I'm not sure it's quite accurate to say that the Greeks studied "science", since they were far from formalizing the Scientific Method as we know it today. But they did make many significant advances in philosophy and mathematics, which laid a foundation for later developments in science.
In any case, it's quite clear that the intellectuals of classical Greece did not believe in religion. They were atheists; in fact, the word "atheist" is originally from the Greek atheos. There were many different schools of thought among the Greeks: Stoicism, Platonism, Pythagoreanism, Sophism, and more. They disagreed on just about everything---but were remarkably uniform in their rejection of all theistic religions. Only a handful of Greek philosophers ever wrote anything suggesting that they believed in literal gods such as Zeus or Apollo.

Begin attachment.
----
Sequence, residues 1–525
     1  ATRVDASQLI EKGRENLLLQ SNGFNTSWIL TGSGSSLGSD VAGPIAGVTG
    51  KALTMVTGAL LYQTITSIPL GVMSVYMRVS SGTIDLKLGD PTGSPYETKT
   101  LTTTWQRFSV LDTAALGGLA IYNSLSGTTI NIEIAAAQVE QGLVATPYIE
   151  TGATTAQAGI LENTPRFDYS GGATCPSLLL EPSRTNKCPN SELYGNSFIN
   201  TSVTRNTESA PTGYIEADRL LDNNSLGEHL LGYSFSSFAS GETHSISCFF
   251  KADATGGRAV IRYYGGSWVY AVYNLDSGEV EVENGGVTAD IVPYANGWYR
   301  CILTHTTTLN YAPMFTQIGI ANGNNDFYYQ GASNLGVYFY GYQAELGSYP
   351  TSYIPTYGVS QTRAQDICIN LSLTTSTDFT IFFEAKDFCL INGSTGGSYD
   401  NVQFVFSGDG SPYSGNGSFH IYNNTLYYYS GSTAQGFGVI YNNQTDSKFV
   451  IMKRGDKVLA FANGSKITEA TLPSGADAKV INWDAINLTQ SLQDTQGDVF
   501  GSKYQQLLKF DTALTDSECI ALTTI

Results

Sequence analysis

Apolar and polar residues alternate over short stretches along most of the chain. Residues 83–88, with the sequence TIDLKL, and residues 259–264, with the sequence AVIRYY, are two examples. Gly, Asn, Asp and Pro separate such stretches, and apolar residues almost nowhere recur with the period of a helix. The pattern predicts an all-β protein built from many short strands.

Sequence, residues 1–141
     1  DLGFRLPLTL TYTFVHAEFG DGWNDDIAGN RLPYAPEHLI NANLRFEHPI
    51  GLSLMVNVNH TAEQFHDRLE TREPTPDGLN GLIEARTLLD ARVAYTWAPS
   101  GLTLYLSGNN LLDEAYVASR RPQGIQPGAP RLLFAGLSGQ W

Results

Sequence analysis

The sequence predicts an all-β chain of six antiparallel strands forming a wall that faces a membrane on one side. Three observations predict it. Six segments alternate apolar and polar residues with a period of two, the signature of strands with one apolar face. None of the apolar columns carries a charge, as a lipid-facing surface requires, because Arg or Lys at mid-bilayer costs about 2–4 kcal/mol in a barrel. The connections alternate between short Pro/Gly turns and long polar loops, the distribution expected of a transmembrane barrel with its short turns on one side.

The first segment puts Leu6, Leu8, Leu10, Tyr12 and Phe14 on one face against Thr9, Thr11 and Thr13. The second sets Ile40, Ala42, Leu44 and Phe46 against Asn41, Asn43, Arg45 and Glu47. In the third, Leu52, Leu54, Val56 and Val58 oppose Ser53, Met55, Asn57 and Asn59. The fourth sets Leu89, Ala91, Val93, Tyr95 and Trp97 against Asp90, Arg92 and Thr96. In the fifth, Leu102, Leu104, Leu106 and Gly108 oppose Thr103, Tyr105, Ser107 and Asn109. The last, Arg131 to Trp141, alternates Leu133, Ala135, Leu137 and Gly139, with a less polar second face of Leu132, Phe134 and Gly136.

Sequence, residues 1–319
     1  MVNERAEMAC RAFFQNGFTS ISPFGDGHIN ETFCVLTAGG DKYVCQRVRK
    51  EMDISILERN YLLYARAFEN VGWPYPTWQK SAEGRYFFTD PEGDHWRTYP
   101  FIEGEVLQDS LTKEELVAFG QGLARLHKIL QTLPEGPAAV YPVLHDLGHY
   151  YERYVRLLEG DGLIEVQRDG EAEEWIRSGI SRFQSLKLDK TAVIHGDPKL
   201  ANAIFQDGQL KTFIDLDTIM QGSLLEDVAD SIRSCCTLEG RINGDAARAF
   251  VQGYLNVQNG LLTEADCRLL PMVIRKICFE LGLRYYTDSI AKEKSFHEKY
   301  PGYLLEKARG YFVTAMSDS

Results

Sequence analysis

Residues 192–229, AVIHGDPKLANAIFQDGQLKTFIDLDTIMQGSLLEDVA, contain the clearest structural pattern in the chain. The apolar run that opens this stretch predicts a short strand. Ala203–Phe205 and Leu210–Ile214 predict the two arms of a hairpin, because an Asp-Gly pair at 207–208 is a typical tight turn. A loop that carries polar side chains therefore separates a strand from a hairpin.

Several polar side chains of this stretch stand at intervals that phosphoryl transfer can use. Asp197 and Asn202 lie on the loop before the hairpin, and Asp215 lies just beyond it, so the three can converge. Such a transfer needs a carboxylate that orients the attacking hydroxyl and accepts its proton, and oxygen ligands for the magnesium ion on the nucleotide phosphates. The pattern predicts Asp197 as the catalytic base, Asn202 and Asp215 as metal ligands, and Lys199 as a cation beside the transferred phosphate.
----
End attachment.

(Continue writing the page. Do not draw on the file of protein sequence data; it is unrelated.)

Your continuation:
One particular Greek philosopher who wrote a great deal about religion (all of it negative) was Epicurus; he wrote the first recorded use of the Problem of Evil. Note that he was writing in the 4th century BC, centuries before Jesus was even born.
Most of the population of Greece was illiterate, however, and knew very little about the intellectual traditions that were forming among their elite. It is quite likely that most of the population continued to believe in the classic Greek pantheon (Zeus, Hera, Apollo, etc.) even as the intellectuals rejected it.